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posted by [personal profile] br3nda at 08:35pm on 08/01/2011
pool 007
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posted by [personal profile] br3nda at 09:42pm on 07/01/2011
There's code I should be writing but I'd rather read the internet.
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posted by [personal profile] br3nda at 11:21am on 22/06/2010

This was cross posted from coffee.geek.nz. You can comment in friends-only mode here, or go to coffee.geek.nz and comment publicly.

Over in the UK - Record industry targets Google for linking to infringing songs

http://thresq.hollywoodreporter.com/2010/06/recording-industry-targets-g...

yup, linking.

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This was cross posted from coffee.geek.nz. You can comment in friends-only mode here, or go to coffee.geek.nz and comment publicly.

Let's say you were accused of copyright infringement. Let's also include that your ISP made a mistake. Their logging server had the clock wrong, or daylight savings not applied, or some other mistake. They matched up an IP to you, but they got it all wrong. they're a small ISP and they don't have much money to spend ensuring their system is correct, and there's no real incentive to make sure it is. they don't care.

You were home at the time, infact you were online chatting to your sick grandma on skype. You did not download the files you are accused of downloading.

Now, prove it wasn't you that downloaded 3 Lady Gaga albums?

Hard ask, isn't it? How do you prove you didn't? The copyright holder claims you did, the ISP claims it was you. The ISP doesn't, and shouldn't, record what you did online. How are you to prove it wasn't you?

Is the claim "it wasn't me, i didn't do it" enough? How does that hold up?

Maybe the copyright holder made it up? Maybe they just put together big giant lists of random IPs - what's the stop them doing that? They then sit back and collect the money from damages, from people in countries that have streamlined automated copyright accusations like New Zealand is in the process of doing. Move over patent trolls, here come copyright trolls.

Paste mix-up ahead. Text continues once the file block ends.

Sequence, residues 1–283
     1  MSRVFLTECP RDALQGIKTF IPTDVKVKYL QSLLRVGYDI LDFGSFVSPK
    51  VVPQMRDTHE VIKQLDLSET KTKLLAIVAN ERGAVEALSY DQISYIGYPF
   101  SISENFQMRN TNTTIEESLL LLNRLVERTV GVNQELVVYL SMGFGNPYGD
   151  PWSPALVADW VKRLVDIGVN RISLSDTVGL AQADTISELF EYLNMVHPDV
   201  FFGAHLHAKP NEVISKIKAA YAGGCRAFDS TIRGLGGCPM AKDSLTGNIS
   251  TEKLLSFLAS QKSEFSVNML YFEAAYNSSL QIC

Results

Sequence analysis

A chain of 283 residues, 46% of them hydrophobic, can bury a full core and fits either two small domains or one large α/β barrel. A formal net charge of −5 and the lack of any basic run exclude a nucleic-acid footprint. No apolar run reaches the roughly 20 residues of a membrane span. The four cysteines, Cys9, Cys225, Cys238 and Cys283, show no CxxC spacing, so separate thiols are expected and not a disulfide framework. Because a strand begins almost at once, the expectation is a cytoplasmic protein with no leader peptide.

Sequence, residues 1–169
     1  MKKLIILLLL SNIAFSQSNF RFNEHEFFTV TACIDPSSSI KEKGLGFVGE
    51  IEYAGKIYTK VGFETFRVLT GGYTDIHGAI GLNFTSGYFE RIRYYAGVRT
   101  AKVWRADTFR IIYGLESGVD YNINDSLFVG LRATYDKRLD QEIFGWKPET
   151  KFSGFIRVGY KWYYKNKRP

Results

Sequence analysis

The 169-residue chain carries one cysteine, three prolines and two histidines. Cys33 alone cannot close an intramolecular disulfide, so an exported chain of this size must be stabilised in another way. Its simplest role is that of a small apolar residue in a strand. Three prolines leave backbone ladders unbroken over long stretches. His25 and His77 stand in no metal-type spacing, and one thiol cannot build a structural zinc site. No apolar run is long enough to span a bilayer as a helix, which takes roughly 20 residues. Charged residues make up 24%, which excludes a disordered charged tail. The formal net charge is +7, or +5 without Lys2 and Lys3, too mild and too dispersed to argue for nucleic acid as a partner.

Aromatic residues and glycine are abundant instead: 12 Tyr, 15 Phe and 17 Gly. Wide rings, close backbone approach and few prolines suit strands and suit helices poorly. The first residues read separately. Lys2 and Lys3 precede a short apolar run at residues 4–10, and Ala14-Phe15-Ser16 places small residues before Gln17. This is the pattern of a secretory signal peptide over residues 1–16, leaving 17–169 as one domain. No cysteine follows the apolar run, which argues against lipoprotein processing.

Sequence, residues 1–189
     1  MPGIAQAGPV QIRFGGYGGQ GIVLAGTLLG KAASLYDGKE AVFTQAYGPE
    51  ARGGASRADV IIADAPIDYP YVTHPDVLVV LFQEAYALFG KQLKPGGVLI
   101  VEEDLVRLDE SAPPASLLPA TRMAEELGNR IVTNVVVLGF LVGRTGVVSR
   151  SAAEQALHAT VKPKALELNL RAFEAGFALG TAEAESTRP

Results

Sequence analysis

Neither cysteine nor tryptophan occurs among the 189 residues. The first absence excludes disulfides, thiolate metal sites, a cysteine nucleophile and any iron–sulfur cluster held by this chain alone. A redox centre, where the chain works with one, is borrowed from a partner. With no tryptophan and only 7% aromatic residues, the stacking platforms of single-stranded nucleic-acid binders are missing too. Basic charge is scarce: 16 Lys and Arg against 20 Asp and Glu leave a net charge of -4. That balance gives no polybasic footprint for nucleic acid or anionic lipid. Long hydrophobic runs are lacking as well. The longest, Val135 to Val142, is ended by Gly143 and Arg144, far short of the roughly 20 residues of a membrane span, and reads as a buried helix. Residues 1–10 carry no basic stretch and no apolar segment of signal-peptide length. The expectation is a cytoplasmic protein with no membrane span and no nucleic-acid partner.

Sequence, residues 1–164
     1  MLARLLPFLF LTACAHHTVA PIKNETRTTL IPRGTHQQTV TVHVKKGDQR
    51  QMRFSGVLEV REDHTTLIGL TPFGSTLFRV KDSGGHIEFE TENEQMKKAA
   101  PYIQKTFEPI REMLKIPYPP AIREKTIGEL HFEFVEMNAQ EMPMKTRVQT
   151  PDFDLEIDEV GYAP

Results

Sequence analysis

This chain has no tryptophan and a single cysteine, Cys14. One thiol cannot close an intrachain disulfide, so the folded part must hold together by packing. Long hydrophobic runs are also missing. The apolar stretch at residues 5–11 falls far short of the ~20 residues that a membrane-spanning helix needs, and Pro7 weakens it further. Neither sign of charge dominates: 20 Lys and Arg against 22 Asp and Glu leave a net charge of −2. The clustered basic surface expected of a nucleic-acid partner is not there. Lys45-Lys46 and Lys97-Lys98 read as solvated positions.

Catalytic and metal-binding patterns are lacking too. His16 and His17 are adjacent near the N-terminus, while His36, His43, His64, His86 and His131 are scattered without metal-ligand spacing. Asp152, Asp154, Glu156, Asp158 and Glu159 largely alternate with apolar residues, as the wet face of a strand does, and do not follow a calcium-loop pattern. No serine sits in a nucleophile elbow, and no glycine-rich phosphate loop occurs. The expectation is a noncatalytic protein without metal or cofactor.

Let's complicate it further - you're living in a student flat with 5 other students. Your flat has been accused of downloading the last episode of Lost, illegally. Everyone says they didn't do it, and you know you didn't either. What do you, the account holder do? Do you start logging everything your flat mates do? Is it any of yoru business? It's not even possible because a simple use of SSL and you have no idea what your flatmates are doing. Do you refute the accusation with "everyone living here says they didn't do it" - does that hold up through the process of notice&notice? Does that defence work in the copyright tribunal? You have no idea if the copyright holder's agency got it wrong - or your ISP got it wrong - or if one of your flatmates is lying - maybe it's your flatmate's boyfriend who did it? When the fine arrives, who pays it? Or does the whole flat get disconnected from the internet for 6 months. Try completing your assignments without internet access.

What is the end result of this? The Creative Freedom Association asserts this is bad for copyright, as it foster bad will and dislike for artists and copyright holders. Being punished for something you didn't do and being punished for the acts of your flatmate, or a visitor, or someone you kindly shared internet with, means yet more disrespect for creative works and copyright.

How do we prove or disprove accusations? Is privacy in citizen's private communications something worth giving up for the sake of protecting copyright? I personally support artists right to own works, and the rights of those who buy copyrights from artists. I don't however value that over citizen's privacy in their own homes.

Gnat is a Right Shoulder

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posted by [personal profile] br3nda at 01:52pm on 12/05/2010

This was cross posted from coffee.geek.nz. You can comment in friends-only mode here, or go to coffee.geek.nz and comment publicly.

Danah Boyd says "just because we can, doesn’t mean we should" http://www.zephoria.org/thoughts/archives/2008/02/04/just_because_we.html